THE BIRTH OF THE LION -PART II- SUFFERING
Abridged Version (23 % of the integral text)
Indolence is never ready to give everything. Giving everything is not within its horizon. Who is ready to give everything? Indolence is the desire to feel good rather than the desire to be free.
It seems as if a repeated shock is necessary to permanently wake up from indolence, especially if you have recognized that you don’t need much in life, that you can be satisfied with what you have, and everything seems to be wonderful.
Indolence, otherwise known as laziness, is the most dangerous disguise of suffering because in this form, suffering is not obvious as suffering. The attachment to the relative bliss of laziness is not obvious. The truth is that this relative bliss is dependent on certain circumstances, on certain phenomena, and when these phenomena change, there won’t be much bliss left either. But in the moment of pure indolence, one is not completely aware of it.
I can say that a repeated shock seems to be necessary to interrupt the landing in indolence. The shock is a kind of death that exposes what is not true.
Is it possible for me to create this shock myself?
No, the teacher will create the shock.
And life can be the teacher as well?
It is not known how the teacher will appear, as a person or as so-called circumstance, but it will appear. …
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There seem to be different forms of fear. The fear that I spontaneously experience as a reaction to physical threat does not seem to be the same as the fear that is potentially always lurking about.
There is fear and there is fear. There is fear as Rembrandt and there is fear as a copy of Rembrandt. Everything that spontaneously, unpredictably, and uncontrollably arises from this moment is Rembrandt. Every inner manifestation that is tainted by ideas of the past, is a copy. Everything created by an I- idea is a falsification.
If you cross the street and someone suddenly approaches you drawing a weapon, you are afraid. In this instance, fear is a spontaneous, direct and natural reaction. That is Rembrandt. That is life. That is authentic. That is what is played in the dream.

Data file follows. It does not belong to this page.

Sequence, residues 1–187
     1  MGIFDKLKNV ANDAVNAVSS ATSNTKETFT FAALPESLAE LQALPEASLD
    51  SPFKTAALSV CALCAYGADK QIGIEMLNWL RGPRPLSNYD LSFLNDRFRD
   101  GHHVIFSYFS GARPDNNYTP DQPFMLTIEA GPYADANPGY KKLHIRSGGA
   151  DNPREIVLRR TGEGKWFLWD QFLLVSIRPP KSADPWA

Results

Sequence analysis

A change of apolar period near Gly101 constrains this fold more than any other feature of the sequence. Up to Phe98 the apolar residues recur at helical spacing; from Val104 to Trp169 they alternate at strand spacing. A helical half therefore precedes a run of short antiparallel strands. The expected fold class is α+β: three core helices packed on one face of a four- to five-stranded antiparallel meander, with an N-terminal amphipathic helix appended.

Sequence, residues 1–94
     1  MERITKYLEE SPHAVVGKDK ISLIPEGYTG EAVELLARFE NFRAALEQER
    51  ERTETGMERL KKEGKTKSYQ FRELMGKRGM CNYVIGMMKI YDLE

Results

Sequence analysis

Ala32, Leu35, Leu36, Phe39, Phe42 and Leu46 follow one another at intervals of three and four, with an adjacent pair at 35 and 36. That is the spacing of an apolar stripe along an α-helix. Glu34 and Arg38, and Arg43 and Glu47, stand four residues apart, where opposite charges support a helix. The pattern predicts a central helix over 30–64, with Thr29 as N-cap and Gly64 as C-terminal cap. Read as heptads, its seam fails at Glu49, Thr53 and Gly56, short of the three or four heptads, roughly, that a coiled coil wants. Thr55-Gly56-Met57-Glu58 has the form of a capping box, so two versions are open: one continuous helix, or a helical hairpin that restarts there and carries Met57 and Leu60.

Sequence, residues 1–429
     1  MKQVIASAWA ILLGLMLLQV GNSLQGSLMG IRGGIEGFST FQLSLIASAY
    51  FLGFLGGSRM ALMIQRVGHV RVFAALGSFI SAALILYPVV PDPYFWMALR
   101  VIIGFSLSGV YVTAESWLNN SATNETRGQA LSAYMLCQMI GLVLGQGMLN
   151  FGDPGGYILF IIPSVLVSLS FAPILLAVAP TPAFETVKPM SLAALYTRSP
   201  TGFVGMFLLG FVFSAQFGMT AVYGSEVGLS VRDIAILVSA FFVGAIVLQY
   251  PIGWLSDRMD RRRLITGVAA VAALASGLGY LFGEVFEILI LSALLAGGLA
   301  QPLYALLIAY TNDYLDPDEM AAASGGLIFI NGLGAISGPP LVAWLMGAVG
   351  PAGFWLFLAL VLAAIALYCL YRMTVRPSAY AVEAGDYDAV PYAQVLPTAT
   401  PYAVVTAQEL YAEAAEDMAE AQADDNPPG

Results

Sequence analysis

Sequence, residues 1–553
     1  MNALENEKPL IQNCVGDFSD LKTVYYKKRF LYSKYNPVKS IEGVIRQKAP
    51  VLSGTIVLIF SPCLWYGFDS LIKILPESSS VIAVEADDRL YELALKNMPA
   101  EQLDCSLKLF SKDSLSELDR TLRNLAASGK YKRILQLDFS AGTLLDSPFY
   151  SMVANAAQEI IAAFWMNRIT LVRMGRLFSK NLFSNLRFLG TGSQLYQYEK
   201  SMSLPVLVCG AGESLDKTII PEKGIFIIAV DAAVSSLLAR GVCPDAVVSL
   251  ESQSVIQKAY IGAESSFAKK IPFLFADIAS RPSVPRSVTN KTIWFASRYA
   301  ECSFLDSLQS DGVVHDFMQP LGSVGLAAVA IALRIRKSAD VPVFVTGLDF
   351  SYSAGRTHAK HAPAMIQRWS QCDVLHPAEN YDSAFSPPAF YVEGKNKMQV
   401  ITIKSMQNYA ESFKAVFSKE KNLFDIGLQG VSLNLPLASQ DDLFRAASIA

But this kind of fear is not the fear you suffer from. The fear you suffer from, which is this nagging fear that you say lurks about, has yet to be truly recognized. It arises from the catacombs of the graveyard. The catacombs of the graveyard are what I call the karmic story, what I call the past, what I call ignorance. A distinction has to be made here, a separation, a disentanglement of the feeling of fear from the past idea of fear so that the fear can be experienced directly. When fear is experienced directly, then the seeming interlacing of the feeling of fear with the past is cancelled out, and it becomes possible to fall deeper. Feelings are like tunnels that lead you deeper into the experience of Self.
Anger can be another powerful tunnel if you are willing to experience it directly in its core. However, if you experience resistance to anger, then this is no longer anger but already some kind of an interlacing. Resistance is a lukewarm copy of the power of the original, the fire of anger itself. This fire is not directed against anything. Only thoughts direct it against something. If you don’t follow the anger with thoughts, the fire takes its own direction.
Anger is not a thought. As soon as you believe that anger is directed against something, you are dwelling in thoughts and not purely experiencing the anger. This happens to you again and again. You keep falling into this same trap. Anger is not resistance at all. Anger is energy. Anger is pure shakti, pure energy, but then all the mental justifications arise as to why you are angry. Then anger is given meaning, and you get caught in the meaning instead of simply recognizing that anger is anger, rage is rage. Meanings are insignificant. As soon as you give importance to any meaning, you are no longer in reality, because a meaning can only be given according to a limited level of understanding. This means that there is no ultimate answer to your question. If you want an answer, here is the answer given in the Zen tradition: It doesn’t mean anything.